Q: How does this work?
A: According to Jim Masterson, the tendency of horses to mask and compensate for pain is a holdover from wild horse herds. Those that demonstrate physical weakness will be cut out of the herd, and will quickly fall prey to their natural predators. They quickly learn to hide pain, and to wall it off from their consciousness, if possible. Most horses aren’t going to show you that something hurts, unless they are completely unable to hide it. These “walled-off” areas of soreness and pain stay with the horse, create complementary problems and negatively affect performance and well-being. The Bodywork therapies help the horse to re-focus on these areas of tension and blockage and to let go of the tension.
As an analogy to how energy moves in a horse’s body: picture the horse’s musculoskeletal system as a web of inter-connected hoses through which water needs to flow. When there is a kink in one of those hoses, because the muscles have hardened around it, the water cannot flow properly through the system. My Bodywork techniques help release those “kinks” and the energy can flow smoothly again.
Q: How is Bodywork different from equine chiropractic?
A: Chiropractic is based on manual manipulation of the skeleton. My approach to Bodywork is more about releasing tension in muscles / tendons / ligaments / soft tissues that allow the horse’s natural energy to flow freely in the body, supporting pain-free movement.
Q: How is Bodywork different from equine massage?
A: My Bodywork techniques address connections and junctions of muscles, tendons and ligaments deep within the body. Equine massage focuses primarily on the superficial muscle layers that you can see and feel on the horse’s body. Some massage is actually part of my touching therapies.
Q: What will I see when you are working on my horse?
A: During the session, you are likely to see the horse’s eye soften. He/she will often fidget – we usually see yawning, head shaking, licking and chewing, as the horse lets go of internal tensions. Usually you hear more noticeable gut sounds and the horse may pass gas as the GI tract relaxes. Often the shape of the horse changes, and hard, flat muscles relax and plump up which can be felt as you run your hands over the skin. After the sessions, you may observe that your horse will be bringing his nose closer to his front feet during grazing. Another lovely benefit is that your horse becomes more affectionate with you.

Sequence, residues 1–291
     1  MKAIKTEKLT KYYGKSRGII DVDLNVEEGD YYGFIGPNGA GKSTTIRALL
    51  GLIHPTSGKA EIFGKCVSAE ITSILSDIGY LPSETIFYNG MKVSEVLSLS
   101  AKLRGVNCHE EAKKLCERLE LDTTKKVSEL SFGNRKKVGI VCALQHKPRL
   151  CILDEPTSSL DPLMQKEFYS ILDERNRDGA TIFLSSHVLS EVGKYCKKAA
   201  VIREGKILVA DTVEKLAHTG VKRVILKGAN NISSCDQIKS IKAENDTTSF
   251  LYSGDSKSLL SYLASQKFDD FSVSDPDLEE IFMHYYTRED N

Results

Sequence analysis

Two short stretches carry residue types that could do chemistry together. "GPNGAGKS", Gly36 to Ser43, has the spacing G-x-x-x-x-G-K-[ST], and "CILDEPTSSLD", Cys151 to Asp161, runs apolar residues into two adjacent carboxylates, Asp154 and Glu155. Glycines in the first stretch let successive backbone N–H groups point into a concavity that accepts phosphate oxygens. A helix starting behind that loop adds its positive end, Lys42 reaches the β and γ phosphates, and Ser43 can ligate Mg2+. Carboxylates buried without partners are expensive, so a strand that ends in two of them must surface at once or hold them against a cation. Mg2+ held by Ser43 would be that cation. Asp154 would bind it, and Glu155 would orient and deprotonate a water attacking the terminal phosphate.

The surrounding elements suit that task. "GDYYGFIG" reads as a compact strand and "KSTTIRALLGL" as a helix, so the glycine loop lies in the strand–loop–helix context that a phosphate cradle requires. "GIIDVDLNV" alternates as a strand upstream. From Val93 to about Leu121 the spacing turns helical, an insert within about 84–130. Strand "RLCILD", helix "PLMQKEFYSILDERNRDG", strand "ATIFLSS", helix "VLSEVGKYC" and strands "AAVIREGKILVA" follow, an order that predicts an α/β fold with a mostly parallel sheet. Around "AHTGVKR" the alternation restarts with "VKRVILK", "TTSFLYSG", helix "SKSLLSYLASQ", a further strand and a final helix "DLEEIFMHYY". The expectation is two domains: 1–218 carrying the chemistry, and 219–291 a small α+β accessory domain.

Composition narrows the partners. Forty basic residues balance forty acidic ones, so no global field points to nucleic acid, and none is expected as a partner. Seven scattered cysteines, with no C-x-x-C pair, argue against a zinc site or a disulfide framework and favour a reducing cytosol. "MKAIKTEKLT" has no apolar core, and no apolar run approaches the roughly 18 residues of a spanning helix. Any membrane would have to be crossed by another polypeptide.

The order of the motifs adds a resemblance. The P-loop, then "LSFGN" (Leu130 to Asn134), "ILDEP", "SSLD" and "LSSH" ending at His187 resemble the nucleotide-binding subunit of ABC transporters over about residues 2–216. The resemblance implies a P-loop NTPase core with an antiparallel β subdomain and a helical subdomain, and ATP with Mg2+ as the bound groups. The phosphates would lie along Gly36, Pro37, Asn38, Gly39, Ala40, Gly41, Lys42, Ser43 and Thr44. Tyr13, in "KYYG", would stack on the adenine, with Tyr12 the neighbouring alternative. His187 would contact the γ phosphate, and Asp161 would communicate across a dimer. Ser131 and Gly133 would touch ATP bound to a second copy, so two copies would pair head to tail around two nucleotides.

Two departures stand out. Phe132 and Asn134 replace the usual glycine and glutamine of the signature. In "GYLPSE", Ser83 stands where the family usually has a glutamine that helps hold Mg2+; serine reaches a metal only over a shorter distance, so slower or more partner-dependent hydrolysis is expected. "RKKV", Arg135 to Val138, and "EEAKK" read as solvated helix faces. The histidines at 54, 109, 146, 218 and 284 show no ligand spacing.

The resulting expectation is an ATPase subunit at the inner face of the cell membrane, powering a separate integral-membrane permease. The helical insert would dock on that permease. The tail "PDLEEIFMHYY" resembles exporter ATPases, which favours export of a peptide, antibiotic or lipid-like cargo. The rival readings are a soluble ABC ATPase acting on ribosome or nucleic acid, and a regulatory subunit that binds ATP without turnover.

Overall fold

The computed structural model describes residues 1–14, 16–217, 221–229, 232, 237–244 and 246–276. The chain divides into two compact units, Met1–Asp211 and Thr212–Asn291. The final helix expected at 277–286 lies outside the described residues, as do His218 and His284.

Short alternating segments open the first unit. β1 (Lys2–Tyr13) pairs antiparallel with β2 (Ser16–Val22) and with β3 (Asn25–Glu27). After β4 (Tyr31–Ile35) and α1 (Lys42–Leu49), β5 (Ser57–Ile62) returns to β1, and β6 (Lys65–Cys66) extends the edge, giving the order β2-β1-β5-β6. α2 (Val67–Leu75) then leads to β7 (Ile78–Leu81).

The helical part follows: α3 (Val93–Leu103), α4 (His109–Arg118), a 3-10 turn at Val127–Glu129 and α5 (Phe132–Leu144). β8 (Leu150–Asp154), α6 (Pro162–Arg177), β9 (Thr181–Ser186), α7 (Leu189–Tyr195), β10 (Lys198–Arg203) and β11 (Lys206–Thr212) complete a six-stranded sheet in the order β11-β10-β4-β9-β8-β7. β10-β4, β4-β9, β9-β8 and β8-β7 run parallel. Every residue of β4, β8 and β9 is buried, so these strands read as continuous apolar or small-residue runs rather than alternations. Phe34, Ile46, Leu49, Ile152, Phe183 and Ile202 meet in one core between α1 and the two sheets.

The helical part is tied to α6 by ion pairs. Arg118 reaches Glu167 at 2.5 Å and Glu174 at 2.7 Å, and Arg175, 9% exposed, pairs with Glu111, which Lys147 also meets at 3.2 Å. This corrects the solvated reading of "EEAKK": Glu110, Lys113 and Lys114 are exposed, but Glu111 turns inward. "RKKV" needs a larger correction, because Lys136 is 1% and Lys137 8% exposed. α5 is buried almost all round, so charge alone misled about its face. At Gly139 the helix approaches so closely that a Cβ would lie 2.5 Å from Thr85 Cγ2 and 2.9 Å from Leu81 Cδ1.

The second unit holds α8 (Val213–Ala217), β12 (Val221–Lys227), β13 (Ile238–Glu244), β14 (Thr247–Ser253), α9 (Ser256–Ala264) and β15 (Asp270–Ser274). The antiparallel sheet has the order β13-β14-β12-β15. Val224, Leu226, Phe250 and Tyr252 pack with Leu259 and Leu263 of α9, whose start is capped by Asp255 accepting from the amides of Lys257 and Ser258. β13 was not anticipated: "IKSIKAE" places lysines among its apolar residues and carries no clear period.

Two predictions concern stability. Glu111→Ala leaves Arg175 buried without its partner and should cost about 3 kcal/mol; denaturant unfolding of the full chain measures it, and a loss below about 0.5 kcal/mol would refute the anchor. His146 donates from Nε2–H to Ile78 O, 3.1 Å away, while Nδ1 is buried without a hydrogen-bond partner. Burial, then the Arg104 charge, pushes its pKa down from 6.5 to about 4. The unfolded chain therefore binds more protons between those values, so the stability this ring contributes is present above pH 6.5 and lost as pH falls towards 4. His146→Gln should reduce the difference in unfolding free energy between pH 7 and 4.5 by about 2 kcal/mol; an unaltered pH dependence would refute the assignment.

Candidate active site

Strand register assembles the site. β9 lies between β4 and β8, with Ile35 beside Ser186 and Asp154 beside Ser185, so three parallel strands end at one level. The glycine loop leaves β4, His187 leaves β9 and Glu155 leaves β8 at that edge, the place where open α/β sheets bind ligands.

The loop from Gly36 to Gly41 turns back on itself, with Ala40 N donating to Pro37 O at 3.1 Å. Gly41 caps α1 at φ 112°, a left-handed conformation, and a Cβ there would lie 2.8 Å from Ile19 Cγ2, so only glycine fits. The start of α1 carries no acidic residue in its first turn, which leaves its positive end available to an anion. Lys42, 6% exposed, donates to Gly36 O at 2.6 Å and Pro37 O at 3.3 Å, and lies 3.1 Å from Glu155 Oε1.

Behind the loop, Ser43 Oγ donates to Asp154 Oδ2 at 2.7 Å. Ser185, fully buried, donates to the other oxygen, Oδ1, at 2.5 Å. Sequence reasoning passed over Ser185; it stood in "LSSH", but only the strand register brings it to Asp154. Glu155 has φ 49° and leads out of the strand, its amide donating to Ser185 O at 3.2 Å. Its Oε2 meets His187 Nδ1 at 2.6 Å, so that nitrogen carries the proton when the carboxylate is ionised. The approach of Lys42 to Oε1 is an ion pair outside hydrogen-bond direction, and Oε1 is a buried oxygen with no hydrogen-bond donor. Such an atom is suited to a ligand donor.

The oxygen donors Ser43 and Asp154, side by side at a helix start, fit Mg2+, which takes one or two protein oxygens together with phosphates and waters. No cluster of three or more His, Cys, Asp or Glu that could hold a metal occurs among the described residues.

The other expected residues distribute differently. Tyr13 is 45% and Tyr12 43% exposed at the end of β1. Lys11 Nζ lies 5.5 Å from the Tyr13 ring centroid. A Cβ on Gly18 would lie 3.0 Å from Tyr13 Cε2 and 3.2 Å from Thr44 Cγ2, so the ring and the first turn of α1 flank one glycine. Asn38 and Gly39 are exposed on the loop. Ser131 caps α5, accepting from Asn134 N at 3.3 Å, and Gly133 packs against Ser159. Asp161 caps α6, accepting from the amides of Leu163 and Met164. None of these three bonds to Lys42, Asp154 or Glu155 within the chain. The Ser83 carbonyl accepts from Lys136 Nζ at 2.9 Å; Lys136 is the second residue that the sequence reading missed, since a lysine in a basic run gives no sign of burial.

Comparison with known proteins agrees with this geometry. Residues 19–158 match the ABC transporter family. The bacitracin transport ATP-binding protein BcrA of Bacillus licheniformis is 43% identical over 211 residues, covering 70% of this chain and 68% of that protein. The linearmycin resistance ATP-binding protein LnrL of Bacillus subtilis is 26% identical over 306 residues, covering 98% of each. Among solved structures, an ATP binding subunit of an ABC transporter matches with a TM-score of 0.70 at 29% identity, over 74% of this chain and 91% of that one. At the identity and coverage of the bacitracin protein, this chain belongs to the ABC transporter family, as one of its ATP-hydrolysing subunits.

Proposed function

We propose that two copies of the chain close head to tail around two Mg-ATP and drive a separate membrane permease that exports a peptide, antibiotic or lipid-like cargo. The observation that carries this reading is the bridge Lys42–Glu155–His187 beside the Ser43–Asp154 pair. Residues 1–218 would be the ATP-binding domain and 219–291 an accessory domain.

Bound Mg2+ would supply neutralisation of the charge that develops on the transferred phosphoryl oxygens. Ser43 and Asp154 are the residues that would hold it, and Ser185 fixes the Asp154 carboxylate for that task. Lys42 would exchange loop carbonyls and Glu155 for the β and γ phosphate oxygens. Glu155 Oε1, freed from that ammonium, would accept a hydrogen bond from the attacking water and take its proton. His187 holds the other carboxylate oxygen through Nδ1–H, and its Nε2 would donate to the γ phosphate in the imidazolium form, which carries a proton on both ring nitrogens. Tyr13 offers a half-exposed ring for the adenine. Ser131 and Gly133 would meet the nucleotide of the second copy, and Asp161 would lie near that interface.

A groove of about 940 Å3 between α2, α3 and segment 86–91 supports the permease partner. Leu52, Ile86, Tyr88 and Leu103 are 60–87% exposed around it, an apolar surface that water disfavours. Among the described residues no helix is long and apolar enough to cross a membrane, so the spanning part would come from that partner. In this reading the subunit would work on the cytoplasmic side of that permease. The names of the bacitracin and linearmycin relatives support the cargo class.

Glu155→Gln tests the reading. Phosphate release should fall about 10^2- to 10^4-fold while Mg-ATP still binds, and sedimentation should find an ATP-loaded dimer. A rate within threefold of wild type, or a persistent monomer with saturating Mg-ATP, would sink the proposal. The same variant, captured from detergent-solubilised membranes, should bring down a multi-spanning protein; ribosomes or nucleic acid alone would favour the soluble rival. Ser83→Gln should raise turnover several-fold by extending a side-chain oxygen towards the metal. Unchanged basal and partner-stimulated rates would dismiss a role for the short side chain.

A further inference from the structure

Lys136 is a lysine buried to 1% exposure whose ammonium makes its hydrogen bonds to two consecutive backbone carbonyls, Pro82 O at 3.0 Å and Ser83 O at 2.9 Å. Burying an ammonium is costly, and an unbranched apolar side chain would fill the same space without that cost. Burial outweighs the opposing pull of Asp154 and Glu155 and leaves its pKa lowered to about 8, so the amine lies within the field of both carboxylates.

Q: How long does the treatment effect last?
A: That depends on each horse’s individual issue(s). Initially, results may last for a few days to a week. Over time, the positive effects are extended, depending on the horse’s lifestyle and work.
Q: How does this affect standing for farrier, vet, etc.?
A: Bodywork can relieve the tension that makes standing on three legs, lifting a leg, and undergoing various veterinary procedures uncomfortable. Just like us humans, horses get nervous and tense when they know they “are going to the doctor.”
Q: Will this reduce my need to use a vet?
A: Bodywork is complementary therapy to the medical diagnosis and treatment of a veterinarian, NOT a replacement. If a serious injury is suspected a check with your veterinarian is strongly suggested.
Q: Can I learn to do Bodywork on my horse?
A: I encourage the humans involved with each horse I work with to learn basic techniques to continue the work accomplished in each session. This is particularly important when I work with a horse only once a month. Effective Bodywork is a combination of expertise, experience and intuition.
Q: How long before a horse can be ridden or worked after a session?
A: Please schedule a rest of 24 – 72 hours depending upon the treatment received. After the initial session it is best to allow 24 hours of no work, the following 24 hours light work, after 48 hours medium work and then back to the regular schedule.
Many of the techniques used with the horse continue working with the nervous system communicating to the brain back to the muscles making the adjustments up to 72 hours. It is important to allow these communications to occur with little disruption. In subsequent sessions, the time off from work will lessen, with a few exceptions here and there. These often can be scheduled prior to the session.
Q: Are there any side effects I should watch for?
A: Most importantly, you should see a happier, more relaxed and potentially more playful horse. Be aware that a series of Bodywork sessions is a bit like peeling an onion – when the first, most obvious issues are taken care of, other, older ones may surface. The horse’s performance and emotional well being evolve over the course of the therapy. This may manifest itself by the horse testing his body, which is now able to move differently, because tension and blockage have been decreased or eliminated. This may happen both at liberty and under saddle. As always, be open to his new signals, adjust and “ride what the horse gives you today.”
Please contact Trish at firstname.lastname@example.org for further information. Thank you.